-- ZENIT.org News Agency
Sant'Egidio's Christmas Lunch Marks 30th Year
"This Is Christianity," Says Founder
By Edward Pentin
ROME, January 10, 2013 (Zenit.org) - As the news cycle slowed over Christmas, one notable anniversary in Rome was largely passed over: the 30th birthday of the famous "Pranzo di Natale" - or Christmas Lunch - for the homeless and those in difficulty, organized by the Catholic lay Community of Sant'Egidio.
On 25th December 1982, the historic basilica of Santa Maria in Trastevere opened its doors to around 40 people of various ages and backgrounds living in hardship in Rome, and prepared lunch for them in the church's nave.
Today, the event attracts 2,000 people in the area in and around the basilica, and a further 8,000 in various churches and venues across Rome. The Pranzo di Natale has also spread well beyond the Eternal City: in Italy alone, it's become a tradition in 60 cities and Sant'Egidio estimates 150,000 people now take part in the lunch worldwide in 500 cities on all continents, with many held in the southern hemisphere.
The lunch guests, who comprise the homeless, the elderly, street children, needy immigrants, the disabled, gypsy families, and even lonely well-off people who have no one to care for them, are all personally invited by written invitation. Priority is given to the homeless and those who are alone.
"This feast of the family was born from the meaning of family lived with the poor, from a personal awareness of their pain," writes Andrea Riccardi, Sant'Egidio's founder, in a book celebrating the 30th anniversary of the initiative. "The Christmas lunch wants to recognize, in a concrete and affective way, the great dignity of the poor, the smallest of the brothers of Christ."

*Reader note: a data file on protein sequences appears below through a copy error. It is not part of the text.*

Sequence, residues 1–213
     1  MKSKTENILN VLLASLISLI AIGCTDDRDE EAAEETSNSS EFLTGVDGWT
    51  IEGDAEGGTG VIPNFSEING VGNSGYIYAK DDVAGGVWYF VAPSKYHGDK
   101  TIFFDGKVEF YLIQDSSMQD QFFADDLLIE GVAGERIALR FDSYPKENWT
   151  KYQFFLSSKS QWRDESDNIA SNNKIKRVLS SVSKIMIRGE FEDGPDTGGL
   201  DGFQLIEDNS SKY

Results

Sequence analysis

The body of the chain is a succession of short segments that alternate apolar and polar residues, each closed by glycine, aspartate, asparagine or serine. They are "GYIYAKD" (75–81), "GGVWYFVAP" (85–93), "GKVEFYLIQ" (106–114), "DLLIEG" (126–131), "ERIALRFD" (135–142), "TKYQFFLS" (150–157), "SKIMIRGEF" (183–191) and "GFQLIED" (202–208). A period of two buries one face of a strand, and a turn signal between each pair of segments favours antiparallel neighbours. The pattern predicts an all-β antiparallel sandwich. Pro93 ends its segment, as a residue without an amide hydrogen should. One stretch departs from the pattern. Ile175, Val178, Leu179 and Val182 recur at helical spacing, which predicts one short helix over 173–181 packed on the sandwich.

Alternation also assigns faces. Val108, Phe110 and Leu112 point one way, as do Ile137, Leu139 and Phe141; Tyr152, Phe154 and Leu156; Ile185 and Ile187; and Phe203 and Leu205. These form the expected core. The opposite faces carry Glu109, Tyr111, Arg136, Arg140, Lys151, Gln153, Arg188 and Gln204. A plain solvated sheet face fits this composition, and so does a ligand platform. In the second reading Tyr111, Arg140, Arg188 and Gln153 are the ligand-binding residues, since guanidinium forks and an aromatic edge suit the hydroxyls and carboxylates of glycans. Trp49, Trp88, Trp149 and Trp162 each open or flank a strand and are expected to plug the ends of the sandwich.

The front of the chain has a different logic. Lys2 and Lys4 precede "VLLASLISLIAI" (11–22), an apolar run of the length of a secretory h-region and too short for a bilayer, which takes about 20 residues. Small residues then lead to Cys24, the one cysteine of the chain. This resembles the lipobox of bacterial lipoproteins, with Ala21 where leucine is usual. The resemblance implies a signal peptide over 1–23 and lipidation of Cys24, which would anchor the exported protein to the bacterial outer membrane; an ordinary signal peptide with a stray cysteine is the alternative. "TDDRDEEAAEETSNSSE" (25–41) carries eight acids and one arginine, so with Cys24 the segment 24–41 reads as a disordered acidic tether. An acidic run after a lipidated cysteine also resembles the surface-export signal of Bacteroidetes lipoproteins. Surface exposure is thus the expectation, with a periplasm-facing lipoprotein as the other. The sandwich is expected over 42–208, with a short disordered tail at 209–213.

Recalling how Jesus was born in a manger, a place of poverty, he notes that God "is never ashamed of the poverty of his Son, and never abandons him, even in the abyss of death."
"This is Christianity!," he writes.
Many restaurants and businesses contribute to the catering, but the guests are not only given food. They also receive custom gifts with their names on them: clothes, toys, sleeping bags, essentials for those who have sleep rough -- all made possible by donations of many Romans.
"Instead of Christmas becoming a curse for the poor, it becomes a blessing," a Sant'Egidio spokesman says. "It's a family for those without a family, not only an image but a reality, and one that has become contagious, spreading to other parts of Rome, Italy and the world, and which doesn't stop at Christmas."
The charity event is a vast logistical exercise involving an army of 2,000 Sant'Egidio members as well as hundreds more volunteers who have given up their Christmas Day to serve the poor. Church pews are removed and replaced with dining tables, each attractively decorated. Volunteers then go round each table, serving a three course meal with wine. Other volunteers dine with the guests.
"We want to not only give food to the poor but to eat with them and talk with them," says Deacon Alberto Quattrucci, a Sant'Egidio member and one of the co-founders of the lunch. "One bread is to be eaten; the other is friendship."
The original idea came from Archbishop Vincenzo Paglia, also a co-founder of the Sant'Egidio community, and now - appropriately - president of the Pontifical Council for the Family. A student of history, he had learned that such a practice was consistent with the tradition of the Church, and most notably that Pope St. Gregory the Great had done something similar in Rome.
At the end of the 6th century, St. Gregory opened the doors of churches so the poorest could eat at a time of crisis when Rome was struck by civil disorder and violence that had caused situations of extreme need. Confronted by death from hunger, he suspended celebration of the Eucharist throughout Rome, as on Good Friday, and stressed that the death of a poor person is equivalent to the death of the Lord.